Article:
Niņo Jose Heredia/Gulf News




Tuesday, February 7th, 2017
5:30 - 8:30 pm
The Lounge at Iwan Ries
19 South Wabash Ave

Cocktails at 5:30, with the presentation at 6:00 for about thirty minutes, followed by Q&A and general cocktail conversation. 
Reservations are required.

David Faris writes, "Who makes American foreign policy in the Middle East? While it may seem like the president's foreign policy team conceptualizes and carries out policy, the range of legitimate options available to any policymaker is much more limited. Proximity and organizational ties are much more important in these discourses than the actual range of expertise that is available to policymakers. An analysis of experts invited to testify before Congress, as well as the roster of guests on news programs, suggests that small group of people is referenced and invited repeatedly. The primacy of a small number of DC-based think tanks with a small range of acceptable policy ideas tends to reduce the number of possible policies with respect to the Middle East. It also tends to reproduce status-quo policymaking in the region, which is uniquely militarized and leads to patterns of American involvement -- from direct military intervention to arms sales -- that have led to sub-optimal policy outcomes."

David Faris is the author of Dissent and Revolution in a Digital Age: Social Media, Blogging and Activism in Egypt and co-editor of Social Media In Iran: Politics and Society After 2009.  He is a contributing writer at The Week and a frequent contributor to Informed Comment, and his work has appeared in the Chicago Sun-Times, the Christian Science Monitor and Indy Week. Professor Faris teaches political science at Roosevelt University.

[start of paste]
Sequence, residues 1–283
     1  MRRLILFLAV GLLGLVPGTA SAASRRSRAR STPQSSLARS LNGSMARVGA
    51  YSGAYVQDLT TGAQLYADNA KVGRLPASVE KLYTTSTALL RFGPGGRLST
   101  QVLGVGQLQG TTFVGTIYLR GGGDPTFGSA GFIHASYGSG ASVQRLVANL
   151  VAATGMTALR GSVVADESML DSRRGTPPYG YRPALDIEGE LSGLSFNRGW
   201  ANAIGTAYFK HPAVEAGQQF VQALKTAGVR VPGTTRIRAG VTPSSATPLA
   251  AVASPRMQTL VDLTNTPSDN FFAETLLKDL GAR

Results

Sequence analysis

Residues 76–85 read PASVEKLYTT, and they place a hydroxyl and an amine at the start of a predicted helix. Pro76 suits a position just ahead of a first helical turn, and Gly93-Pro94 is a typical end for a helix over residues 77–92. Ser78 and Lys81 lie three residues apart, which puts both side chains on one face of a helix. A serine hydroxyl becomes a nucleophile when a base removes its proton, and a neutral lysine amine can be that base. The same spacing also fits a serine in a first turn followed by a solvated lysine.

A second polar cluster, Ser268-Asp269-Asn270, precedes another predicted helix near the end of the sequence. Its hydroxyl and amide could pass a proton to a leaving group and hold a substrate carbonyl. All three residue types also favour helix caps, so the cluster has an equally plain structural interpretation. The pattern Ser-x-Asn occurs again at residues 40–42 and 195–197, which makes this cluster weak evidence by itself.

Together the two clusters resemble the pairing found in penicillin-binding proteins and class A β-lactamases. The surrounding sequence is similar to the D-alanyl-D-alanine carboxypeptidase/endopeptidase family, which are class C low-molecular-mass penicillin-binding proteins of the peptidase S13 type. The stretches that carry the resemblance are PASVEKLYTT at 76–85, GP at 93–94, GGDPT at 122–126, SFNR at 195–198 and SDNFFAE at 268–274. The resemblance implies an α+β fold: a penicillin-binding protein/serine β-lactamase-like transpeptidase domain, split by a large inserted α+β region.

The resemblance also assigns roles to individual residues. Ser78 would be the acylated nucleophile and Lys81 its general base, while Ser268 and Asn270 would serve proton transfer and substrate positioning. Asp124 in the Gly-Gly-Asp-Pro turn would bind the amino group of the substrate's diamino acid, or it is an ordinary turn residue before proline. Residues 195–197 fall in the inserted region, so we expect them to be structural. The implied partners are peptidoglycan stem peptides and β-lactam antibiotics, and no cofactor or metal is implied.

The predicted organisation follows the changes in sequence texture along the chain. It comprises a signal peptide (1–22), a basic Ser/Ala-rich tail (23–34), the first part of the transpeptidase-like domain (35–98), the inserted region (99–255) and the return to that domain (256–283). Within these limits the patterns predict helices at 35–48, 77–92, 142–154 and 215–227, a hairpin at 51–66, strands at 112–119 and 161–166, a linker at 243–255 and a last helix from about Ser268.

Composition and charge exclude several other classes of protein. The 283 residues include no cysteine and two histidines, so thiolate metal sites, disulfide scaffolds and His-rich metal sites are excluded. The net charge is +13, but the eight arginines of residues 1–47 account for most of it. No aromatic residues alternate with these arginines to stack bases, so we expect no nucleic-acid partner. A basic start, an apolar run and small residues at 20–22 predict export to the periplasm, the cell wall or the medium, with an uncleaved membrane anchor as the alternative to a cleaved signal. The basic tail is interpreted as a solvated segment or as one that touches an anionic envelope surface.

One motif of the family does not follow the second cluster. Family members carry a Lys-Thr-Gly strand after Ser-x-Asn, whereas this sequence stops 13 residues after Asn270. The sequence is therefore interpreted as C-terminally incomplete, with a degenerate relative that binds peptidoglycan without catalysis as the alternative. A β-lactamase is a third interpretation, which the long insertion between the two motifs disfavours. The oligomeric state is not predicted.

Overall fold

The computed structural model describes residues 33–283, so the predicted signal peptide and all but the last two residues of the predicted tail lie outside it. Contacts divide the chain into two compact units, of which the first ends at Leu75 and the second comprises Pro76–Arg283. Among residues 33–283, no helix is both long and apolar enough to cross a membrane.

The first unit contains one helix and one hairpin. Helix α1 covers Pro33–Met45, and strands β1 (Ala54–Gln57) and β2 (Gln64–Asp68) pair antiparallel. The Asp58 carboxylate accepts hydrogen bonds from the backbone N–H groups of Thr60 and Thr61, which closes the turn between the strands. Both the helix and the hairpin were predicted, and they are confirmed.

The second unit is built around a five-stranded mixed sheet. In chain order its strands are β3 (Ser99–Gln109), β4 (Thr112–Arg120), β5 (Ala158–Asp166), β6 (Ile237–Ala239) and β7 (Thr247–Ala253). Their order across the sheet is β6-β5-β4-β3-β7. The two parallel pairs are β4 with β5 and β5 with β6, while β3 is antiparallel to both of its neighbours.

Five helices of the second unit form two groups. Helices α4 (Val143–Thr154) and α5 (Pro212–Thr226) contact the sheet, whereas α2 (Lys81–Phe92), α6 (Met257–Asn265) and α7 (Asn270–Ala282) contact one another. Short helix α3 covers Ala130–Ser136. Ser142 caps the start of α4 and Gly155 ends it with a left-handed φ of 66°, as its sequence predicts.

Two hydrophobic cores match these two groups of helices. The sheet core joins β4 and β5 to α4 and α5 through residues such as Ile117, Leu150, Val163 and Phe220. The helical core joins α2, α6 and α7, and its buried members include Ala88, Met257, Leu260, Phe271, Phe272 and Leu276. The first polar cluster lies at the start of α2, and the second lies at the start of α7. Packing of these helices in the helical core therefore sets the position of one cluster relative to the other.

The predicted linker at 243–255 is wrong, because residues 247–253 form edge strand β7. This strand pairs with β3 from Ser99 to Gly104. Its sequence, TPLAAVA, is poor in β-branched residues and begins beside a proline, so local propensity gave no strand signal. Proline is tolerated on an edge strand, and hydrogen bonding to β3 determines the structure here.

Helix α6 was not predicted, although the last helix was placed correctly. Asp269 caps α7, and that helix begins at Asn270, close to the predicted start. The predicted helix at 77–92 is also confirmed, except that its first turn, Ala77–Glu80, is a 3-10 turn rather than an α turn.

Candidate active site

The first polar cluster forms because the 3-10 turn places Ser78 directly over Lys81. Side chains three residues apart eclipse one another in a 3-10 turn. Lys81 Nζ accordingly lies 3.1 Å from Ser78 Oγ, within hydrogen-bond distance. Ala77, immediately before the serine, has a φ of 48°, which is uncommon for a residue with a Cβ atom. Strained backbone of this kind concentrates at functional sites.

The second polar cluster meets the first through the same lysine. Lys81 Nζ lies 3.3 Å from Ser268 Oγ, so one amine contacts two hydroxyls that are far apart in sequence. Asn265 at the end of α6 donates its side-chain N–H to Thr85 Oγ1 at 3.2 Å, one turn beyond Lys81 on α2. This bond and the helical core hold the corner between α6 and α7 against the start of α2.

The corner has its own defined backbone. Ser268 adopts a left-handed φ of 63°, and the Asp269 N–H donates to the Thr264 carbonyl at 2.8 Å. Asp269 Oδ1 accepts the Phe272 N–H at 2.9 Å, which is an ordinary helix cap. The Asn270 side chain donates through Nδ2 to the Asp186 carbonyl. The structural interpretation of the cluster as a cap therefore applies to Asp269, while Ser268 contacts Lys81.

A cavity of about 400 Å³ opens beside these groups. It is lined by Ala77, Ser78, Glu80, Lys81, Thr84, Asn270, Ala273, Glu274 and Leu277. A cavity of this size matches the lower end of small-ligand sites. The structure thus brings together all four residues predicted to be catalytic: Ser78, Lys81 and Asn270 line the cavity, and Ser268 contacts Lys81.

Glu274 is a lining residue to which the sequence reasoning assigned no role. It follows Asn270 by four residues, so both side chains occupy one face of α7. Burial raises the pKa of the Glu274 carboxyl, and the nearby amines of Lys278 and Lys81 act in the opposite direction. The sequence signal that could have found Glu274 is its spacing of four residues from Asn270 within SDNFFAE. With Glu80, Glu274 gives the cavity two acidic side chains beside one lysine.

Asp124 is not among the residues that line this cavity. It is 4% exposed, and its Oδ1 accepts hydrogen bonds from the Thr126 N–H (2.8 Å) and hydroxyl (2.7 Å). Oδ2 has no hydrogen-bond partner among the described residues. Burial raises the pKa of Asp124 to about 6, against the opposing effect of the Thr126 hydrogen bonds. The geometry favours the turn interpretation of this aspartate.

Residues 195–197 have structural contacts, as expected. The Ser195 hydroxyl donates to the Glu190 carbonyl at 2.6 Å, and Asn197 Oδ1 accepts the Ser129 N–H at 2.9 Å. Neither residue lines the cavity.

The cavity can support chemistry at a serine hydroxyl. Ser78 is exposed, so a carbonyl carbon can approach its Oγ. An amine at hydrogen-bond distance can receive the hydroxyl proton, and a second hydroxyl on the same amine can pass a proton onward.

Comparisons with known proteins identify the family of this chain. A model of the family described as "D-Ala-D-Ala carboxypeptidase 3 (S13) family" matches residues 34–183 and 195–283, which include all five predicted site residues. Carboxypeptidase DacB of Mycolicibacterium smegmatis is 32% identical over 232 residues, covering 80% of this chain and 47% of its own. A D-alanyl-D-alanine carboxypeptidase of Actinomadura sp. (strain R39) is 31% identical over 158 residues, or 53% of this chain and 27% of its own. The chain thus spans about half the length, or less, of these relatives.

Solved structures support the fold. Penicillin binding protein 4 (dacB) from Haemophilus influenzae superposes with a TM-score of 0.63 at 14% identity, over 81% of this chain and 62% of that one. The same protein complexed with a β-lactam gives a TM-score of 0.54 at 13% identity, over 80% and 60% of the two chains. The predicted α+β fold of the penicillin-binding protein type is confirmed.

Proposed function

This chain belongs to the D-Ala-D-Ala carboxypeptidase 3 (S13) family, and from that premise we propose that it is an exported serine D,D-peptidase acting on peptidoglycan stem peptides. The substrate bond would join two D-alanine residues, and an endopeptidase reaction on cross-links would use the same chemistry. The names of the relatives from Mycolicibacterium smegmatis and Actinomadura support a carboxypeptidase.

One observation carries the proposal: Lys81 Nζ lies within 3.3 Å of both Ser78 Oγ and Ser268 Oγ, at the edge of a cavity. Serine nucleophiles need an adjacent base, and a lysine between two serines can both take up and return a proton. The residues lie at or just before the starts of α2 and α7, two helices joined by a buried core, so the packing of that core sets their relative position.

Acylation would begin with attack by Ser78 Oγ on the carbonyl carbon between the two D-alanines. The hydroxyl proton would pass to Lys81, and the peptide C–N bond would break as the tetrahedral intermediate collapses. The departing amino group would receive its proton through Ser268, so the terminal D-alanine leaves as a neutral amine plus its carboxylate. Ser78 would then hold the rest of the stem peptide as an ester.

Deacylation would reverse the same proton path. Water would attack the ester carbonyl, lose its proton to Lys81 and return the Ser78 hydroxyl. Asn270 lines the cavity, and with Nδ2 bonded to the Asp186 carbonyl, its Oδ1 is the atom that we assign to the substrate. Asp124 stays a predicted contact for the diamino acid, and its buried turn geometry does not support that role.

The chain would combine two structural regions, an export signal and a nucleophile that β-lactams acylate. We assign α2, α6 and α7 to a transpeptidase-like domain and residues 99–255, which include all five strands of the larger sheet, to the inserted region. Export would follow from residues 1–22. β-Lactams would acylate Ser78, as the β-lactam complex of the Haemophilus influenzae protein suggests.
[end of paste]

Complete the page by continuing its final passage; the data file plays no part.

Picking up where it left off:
About the Cigar Society of Chicago

ONE OF THE OLDEST AND greatest traditions of the city clubs of Chicago is the discussion of intellectual, social, legal, artistic, historical, scientific, musical, theatrical, and philosophical issues in the company of educated, bright, and appropriately provocative individuals, all under the beneficent influence of substantial amounts of tobacco and spirits.  The Cigar Society of Chicago embraces this tradition and extends it with its Informal Smokers, University Series lectures, and Cigar Society Dinners, in which cigars, and from time to time pipes and cigarettes, appear as an important component of our version of the classical symposium.  To be included in the Cigar Society's mailing list, write to the secretary at